context and to different orthographies.
In contrast to many previous accounts of dyslexia, the present approach
does not aim to specify a single deficient mechanism underlying the
dyslexic disorder. It rather focuses on the complex (temporal) interplay of
the various structures involved in the reading process. As a consequence,
it does not allow to specify the relative contributions of, for example,
different sub-components in the reading process, of the auditory vs. the
visual modalities, or of higher level vs. lower level mechanisms in the
''information processing system''.
The book posits a new approach to reading fluency in dyslexia, based on the
view that effective reading requires synchronization of the different brain
systems. The synchronization hypothesis is developed from an extensive
description of the relevant theoretical concepts and a discussion of
supportive empirical evidence. The author gives an expanded view of reading
fluency in discussing the concept as both a dependent and an independent
variable. By presenting wide-ranging empirical evidence, including ERP
measures, the present book contributes to the often claimed converging
methods approach. In addition, some ideas are presented for research-based
intervention procedures to enhance reading fluency.
Breznitz, Z. (2001). The determinants of reading fluency: A comparison of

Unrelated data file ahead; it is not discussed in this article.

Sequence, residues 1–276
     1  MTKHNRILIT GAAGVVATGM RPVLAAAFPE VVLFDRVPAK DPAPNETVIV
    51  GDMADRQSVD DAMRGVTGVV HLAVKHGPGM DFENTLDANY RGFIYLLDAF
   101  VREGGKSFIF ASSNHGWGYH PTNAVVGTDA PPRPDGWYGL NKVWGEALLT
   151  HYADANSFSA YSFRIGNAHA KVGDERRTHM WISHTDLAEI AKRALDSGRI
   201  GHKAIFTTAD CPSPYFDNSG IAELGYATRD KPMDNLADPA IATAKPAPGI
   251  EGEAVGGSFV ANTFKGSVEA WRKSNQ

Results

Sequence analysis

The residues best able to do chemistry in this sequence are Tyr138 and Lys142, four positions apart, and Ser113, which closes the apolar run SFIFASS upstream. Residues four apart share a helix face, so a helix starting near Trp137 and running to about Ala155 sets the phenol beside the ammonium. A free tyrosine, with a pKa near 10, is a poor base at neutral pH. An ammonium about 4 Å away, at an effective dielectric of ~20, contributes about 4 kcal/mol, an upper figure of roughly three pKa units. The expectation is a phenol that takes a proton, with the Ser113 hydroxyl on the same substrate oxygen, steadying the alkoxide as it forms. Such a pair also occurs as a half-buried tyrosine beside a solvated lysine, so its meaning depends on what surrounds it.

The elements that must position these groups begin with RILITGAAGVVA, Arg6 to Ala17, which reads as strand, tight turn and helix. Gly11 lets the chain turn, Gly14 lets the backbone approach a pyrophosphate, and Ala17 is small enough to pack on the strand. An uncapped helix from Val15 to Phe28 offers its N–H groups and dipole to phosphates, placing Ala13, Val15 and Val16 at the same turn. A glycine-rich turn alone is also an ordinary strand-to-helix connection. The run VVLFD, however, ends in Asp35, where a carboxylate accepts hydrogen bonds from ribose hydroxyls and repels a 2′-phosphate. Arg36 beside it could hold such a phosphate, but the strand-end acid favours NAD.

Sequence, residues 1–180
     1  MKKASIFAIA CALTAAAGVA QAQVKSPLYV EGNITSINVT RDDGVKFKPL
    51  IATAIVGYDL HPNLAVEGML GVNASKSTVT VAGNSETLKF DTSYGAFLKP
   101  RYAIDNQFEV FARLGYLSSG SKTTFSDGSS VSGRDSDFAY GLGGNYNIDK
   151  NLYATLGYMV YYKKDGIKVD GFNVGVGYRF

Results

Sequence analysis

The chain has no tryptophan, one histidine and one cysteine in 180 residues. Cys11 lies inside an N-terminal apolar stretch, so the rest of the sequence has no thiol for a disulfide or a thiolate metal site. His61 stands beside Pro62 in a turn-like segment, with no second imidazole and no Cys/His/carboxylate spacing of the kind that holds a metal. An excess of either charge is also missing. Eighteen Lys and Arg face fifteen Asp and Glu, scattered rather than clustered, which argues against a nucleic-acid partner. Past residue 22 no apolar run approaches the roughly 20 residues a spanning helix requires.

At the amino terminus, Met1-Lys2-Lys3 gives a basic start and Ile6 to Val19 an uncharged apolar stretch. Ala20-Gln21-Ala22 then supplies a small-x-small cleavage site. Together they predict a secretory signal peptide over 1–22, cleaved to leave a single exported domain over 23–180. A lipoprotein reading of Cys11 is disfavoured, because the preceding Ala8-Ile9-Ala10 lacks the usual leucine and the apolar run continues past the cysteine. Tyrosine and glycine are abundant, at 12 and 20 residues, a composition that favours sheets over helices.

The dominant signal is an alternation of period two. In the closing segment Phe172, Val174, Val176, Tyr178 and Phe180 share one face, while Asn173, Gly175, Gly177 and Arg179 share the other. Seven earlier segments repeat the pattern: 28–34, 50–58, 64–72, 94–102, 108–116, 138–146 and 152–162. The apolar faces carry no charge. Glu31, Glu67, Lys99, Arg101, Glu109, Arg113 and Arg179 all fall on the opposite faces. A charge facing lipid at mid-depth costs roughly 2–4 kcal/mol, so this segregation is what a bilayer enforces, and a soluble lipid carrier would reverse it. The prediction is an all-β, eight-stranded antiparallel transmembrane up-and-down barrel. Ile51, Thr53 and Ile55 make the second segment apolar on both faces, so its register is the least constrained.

dyslexic and average readers. In M. Wolf (Ed.), Dyslexia, fluency and the
brain (pp.245-276). Cambridge, MA: York Press.
Breznitz, Z. (2003). Speed of phonological and orthographic processing as
factors in dyslexia: Electrophysiological evidence. Genetic, Social and
General Psychology Mongraphs, 129(2), 183-206.
Breznitz, Z. & Misra, A. (2003). Speed of processing of the
visual-orthographic and auditory-phonological systems in adult dyslexics:
The contribution of ''asynchrony'' to word recognition deficits. Brain and
Language, 85(3), 486-502.
ABOUT THE REVIEWER
Prisca Stenneken, educated in (Neuro-)Linguistics and Psychology,
temporarily holds the chair in Physiological and Clinical Psychology (Cath.
University Eichstaett-Ingolstadt, Germany). Her main field of research is
language production and perception in relation to other cognitive
functions. Her focus is on the empirical investigation of disorders in
written and spoken language, involving developmental deficits and acquired
neuropsychological impairments. In current projects, she has conducted
experimental studies on disorders of reading and its underlying mechanisms,
like spatial, attentional and lexical processing.